'America's Funniest Home Videos' Plans New YouTube Series

America's Funniest Home Videos basically became obsolete the moment YouTube was invented. People no longer had to go through a bunch of TV producers to share or watch homemade clips of dads getting hit in the balls; they just had to click a few buttons on YouTube.

Nevertheless, America's Funniest Home Videos has endured to become ABC's longest-running primetime show. Now, as it hits its 25th birthday, it's even joining forces with YouTube for several new series. Hit the jump for details on the Americas Funniest Home Videos YouTube comeback.

Also in the works are "AFV Do Overs," in which YouTube comedians like Ceciley Jenkins and Ed Bassmaster reenact classic America's Funniest Home Videos moments; and "America's Funniest Line" or "AFL," an improv series featuring YouTuber Jason Horton.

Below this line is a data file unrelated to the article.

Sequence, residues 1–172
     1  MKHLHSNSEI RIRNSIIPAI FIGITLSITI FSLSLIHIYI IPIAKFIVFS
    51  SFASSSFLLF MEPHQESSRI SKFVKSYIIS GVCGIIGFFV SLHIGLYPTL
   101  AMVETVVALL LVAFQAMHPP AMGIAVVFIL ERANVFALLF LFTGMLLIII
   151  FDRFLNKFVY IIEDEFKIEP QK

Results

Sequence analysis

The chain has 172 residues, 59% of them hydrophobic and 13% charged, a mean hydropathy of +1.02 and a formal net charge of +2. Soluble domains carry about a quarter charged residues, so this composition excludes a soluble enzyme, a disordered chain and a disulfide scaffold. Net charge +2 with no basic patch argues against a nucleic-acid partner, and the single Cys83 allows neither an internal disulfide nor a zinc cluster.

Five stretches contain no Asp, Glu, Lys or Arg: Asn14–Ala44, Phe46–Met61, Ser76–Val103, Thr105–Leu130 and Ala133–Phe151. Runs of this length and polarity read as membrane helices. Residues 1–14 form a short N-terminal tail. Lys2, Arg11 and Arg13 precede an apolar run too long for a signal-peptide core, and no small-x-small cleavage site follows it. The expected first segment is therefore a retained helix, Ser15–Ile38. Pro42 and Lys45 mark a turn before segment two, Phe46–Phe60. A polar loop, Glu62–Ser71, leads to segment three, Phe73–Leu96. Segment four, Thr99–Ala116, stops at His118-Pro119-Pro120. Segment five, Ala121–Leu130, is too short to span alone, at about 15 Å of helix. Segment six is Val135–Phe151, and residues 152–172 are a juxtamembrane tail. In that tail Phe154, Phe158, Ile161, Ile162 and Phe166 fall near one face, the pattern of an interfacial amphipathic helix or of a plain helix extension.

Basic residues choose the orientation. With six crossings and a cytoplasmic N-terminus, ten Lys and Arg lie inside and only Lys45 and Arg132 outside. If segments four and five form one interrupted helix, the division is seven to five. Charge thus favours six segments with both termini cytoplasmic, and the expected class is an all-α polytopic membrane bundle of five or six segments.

Time will tell whether America's Funniest Home Videos' attempt to branch out pays off, but it certainly makes sense that they'd try. Clips of cute animals and clumsy children aren't really enough anymore when a two-second search can turn up thousands of such videos.

In a conversation with the New York Times, America's Funniest Home Videos creator Vin Di Bona admitted to feeling anger and apprehension when he first learned about YouTube, but insisted that the streaming service turned out to be more of a blessing than a curse.

"People got excited about video clips again," he said. Indeed, America's Funniest Home Videos' YouTube currently generates 20 million monthly views on YouTube. About 6.3 million tune into the TV show each week — far less than the 32 million that were watching in 1989, but that was a very different time.

"I never could have imagined, when I first pitched this idea in 1989, that using viewer-generated content to entertain families would become the phenomenon it is today," said Di Bona in a statement.